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Nothing says "I Love You, Dear" like screaming lower back pain!

Sometimes Wrong but rarely in doubt!

04 May 2009

More Commentary on the Coming Pandemic

This article made me laugh out loud:

Pig-mageddon that kills me!

Remember don't believe everything you read, do a little research first.

I heard on the radio this morning that the count of swine flu cases has risen to 1000 cases!  Imagine how many people are suffering from the common cold right now.  Or better yet the world populations was 6,706,993,152 in July 2008, that means a wopping incidence rate of 1 in 6.7 million.  For comparison you're more like to die of Alzheimer's Disease than catch the swine flu today, catch not die from.

Some more numbers, the overall rate of fatality is 2.5%, the death rate in the US 0.44%, but the poor baby that died was visiting from Mexico, one death in 226 cases.

The Swine Flu, like any flu, presents the greatest risk to  the very young, the very old and those with compromised immune systems.   If you're in one of those higher risk groups or have loved ones in  those groups take some precautions otherwise enjoy life and don't get to stressed about the swine flu.

Life is the only disease everyone catches, no one recovers from and is invariably fatal.  Enjoy it while you can!


  1. The problem with the statistics you quoted is that any disease statistics are always 'behind the curve' of what is actually happening. They are, in effect, reporting yesterday's news (or last week's or last month's).

    We've been fortunate that the H1NC virus is (so far) not terribly lethal. It has killed a few people with more suspected. But mortality is low unless you are in one of the vulernable groups.

    But the fact it jumped from 1000 to 3200 cases fairly quickly is a sign of its fast rate of transmissibility.

    It is a fast moving influenza. Any influenza is fairly dangerous to those in particular succeptible groups.

    I agree with you that, as a generality, we should not over-react. Nor should we become apocalyptic in our thinking. Pandemic is a descriptive term - unless the virus turns significantly more lethal to the average person, mortality will remain limited.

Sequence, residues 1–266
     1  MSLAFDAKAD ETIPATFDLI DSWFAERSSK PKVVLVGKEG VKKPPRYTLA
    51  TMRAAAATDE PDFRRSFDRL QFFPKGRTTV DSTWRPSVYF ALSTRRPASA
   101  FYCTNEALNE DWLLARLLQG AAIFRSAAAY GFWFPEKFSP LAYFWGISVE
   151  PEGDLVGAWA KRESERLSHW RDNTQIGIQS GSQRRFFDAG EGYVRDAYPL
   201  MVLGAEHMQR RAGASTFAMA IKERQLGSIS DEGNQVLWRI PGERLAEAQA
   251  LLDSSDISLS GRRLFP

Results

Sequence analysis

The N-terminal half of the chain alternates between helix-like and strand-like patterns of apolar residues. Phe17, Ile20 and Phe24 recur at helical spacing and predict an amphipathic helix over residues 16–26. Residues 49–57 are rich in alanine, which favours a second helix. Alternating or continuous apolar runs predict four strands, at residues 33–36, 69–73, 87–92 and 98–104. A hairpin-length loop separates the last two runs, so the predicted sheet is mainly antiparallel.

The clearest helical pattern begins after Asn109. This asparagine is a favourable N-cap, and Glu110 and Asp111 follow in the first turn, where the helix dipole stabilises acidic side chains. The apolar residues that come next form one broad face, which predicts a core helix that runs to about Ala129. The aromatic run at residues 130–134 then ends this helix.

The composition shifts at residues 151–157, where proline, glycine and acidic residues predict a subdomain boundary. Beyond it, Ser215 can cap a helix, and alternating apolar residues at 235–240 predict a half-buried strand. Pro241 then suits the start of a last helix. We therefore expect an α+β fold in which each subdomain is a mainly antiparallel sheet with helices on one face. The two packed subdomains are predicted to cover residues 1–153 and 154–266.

I still believe aggressive reaction on behalf of world and national health organizations are acceptable.

    We do live in a far more connected world than at any time in the past - with many of the more lethal diseases or viruses that have swept through human populations, the natural barriers of distance in times past have proven useful.

    Not so much anymore - where a Canadian can bring Swine Flu to Japan from somewhere else in a matter of days. Viruses are very transmissible in the early phases and before people realize exactly how sick they may be or what they have. Containment won't work, but the effort to contain can be at least part of a larger strategy.

    As one of the 'vulnerable groups', I am concerned (somewhat) about the Swine Flu, but not greatly concerned. More to the point, other than personal sanitation and ettiquette and perhaps avoiding sick folks (good for most influenzas or other viruses), there isn't much can be done. I havne't been able to find out if I'm allergic to any of the antivirals so laying in a stock pre-emptively hasn't been feasible.

    Note: If you are to ever need one of these antivirals like Tamiflu or Relenza, you get best results taking them immediately after noticing symptoms (within 12 hours) - good luck getting them through the normal medical system in that period - a personal stock would make sense. Mind you, they probably have expiry and year to year, different viruses will respond to some or none of the four antivirals on the market, so keeping a stock might be challenging. And they can have some scary side effects (Tamiflu especially) - see the issues in Japan in teenagers...

    They've indicated one of the reasons for the spread of H1NC in Mexico despite antivirals is that the medical system isn't fast enough - the antivirals are given too late. The antivirals do not cure the virus, they impede protein reproduction. Give them early, you give the body a big head start and reduce your own virulence. Fail to do so and you become more contagious and the virus gets more of a foothold.

    In the long run, this isn't the superbug that kills us. Just an excuse to practise our preparedness for the inevitable Zombie Plague....

  2. Re Lux Mentis' Comments

    The real problem with the stats I cited is that the sample sizes are too small and too confounded to draw any conclusions from. You did note that once swine flu was in a first world nation the mortality rate drops significantly. The single death in a first world nation at the time of the post was an infant visiting the US for medical treatment. There have now been 4 deaths in the first world nations.

    Keep in mind that more people die from the flu each year in Canada than were reported infected by the swine flu at the time I wrote the blog entry. Nor has this been the first instance of swine flu.

    I would also hypothesize that the spread in Mexico is largely attributed to lack of prosperity rather than response time of the Mexican medical establishment. The mortality rate has also fallen from 2.5% to 1.2% with the majority of fatalities in Mexico.

    Here we are just over a week later and it isn't even front page news any longer. My point was that it's just another case of bleeding, leading the news.


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